Published Jul 12, 2015Despite receiving little press coverage outside of their home base of Orange County, California, the Growlers drew a sizable crowd of fans eager to see the five-piece make their Ottawa debut.
Dressed in late-'70s, Smokey and the Bandit-inspired garb, the Growlers entered the stage with a laid-back, tossed-off vibe, seemingly perfect for their 30-degree, late-afternoon time slot. Led by vocalist Brooks Nielsen, the Growlers launched into an hour-long set that focused heavily on tracks from their latest LP, Chinese Fountain. Grasping the mic, Nielsen stayed close to the edge of the stage, pantomiming his playful lyrics while striking up charming banter with the steadily growing crowd. With a slew of new material that could be described as more dance-y than their two previous recordings, Nielsen delivered his drawn-out Julian Casablancas-style delivery over the band's punchy, psych-inspired garage rhythms.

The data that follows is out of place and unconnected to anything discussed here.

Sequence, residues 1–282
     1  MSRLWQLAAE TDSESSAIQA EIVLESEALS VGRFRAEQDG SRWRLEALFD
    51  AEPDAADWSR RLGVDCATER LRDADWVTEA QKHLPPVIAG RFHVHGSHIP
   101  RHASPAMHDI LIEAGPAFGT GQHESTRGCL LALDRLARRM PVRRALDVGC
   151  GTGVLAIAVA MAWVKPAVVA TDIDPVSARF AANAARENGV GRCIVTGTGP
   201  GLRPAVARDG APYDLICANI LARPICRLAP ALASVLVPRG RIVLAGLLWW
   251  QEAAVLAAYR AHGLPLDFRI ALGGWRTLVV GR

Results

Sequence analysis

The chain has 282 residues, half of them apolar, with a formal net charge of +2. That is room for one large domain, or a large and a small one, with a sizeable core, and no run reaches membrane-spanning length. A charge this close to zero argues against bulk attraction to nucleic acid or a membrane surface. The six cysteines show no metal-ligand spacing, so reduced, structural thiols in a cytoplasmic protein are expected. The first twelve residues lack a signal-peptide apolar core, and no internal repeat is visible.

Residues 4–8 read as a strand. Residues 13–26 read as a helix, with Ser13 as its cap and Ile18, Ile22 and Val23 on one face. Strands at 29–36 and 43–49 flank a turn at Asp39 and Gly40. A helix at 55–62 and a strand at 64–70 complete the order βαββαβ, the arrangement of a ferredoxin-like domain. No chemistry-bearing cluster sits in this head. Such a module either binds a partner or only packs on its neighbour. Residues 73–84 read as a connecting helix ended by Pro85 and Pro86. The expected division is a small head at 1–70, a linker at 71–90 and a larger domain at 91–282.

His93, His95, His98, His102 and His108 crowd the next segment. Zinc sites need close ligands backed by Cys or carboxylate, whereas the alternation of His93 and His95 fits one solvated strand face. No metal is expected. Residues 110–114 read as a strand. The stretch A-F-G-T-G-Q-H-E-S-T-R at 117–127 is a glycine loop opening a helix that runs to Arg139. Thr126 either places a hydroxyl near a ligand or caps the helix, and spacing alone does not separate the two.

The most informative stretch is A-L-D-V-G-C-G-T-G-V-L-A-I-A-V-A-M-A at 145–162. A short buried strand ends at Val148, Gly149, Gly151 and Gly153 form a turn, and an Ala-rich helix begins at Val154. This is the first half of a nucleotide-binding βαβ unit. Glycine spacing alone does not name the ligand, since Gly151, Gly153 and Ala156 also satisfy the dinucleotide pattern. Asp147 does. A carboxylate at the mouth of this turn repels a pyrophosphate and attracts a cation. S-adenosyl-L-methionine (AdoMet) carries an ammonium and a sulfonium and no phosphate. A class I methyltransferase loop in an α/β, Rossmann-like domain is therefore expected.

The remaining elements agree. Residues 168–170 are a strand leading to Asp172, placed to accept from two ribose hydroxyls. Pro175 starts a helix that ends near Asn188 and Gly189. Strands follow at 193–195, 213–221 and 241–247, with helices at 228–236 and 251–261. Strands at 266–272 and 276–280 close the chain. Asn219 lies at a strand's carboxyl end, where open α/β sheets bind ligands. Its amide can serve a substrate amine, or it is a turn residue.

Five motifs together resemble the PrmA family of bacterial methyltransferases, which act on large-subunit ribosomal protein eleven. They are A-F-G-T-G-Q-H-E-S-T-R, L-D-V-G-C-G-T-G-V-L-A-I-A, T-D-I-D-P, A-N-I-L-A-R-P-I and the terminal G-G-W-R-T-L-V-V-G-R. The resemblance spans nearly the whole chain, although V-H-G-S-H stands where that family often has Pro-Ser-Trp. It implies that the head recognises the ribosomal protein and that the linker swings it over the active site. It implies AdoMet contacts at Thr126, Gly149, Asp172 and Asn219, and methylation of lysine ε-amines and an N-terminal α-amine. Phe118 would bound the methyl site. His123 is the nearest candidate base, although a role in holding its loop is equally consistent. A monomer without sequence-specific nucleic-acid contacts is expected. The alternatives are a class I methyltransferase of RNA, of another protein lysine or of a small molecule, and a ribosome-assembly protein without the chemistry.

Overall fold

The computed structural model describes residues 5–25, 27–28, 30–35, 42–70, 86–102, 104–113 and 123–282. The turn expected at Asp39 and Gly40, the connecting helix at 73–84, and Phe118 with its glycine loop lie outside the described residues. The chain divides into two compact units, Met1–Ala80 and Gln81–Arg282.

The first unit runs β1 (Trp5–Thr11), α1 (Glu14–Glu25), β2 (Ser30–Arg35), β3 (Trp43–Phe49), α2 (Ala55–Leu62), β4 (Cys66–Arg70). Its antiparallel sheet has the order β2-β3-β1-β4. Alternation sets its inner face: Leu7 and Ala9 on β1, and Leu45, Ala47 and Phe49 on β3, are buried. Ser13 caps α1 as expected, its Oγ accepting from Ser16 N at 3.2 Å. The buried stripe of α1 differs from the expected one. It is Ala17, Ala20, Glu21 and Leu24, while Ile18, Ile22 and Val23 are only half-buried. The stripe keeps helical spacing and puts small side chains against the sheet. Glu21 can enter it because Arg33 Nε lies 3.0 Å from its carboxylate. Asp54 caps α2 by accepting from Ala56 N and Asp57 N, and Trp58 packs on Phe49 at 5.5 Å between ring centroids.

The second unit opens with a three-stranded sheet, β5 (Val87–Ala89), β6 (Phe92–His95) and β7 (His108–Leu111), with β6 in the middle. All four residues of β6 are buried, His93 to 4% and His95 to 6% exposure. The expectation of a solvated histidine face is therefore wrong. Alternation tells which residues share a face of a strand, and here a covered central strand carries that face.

Known for their highly theatrical club performances that find the band decked out in gaudy costumes, the Growlers seemed slightly out of their element in a festival setting, giving the audience a bare-bones, abridged version of their stage show. But it was the band's presence alone was enough to satisfy hardcore fans while their tight musicality, paired with Nielsen's buoyant, hip personality, that helped the Growlers win over some new fans.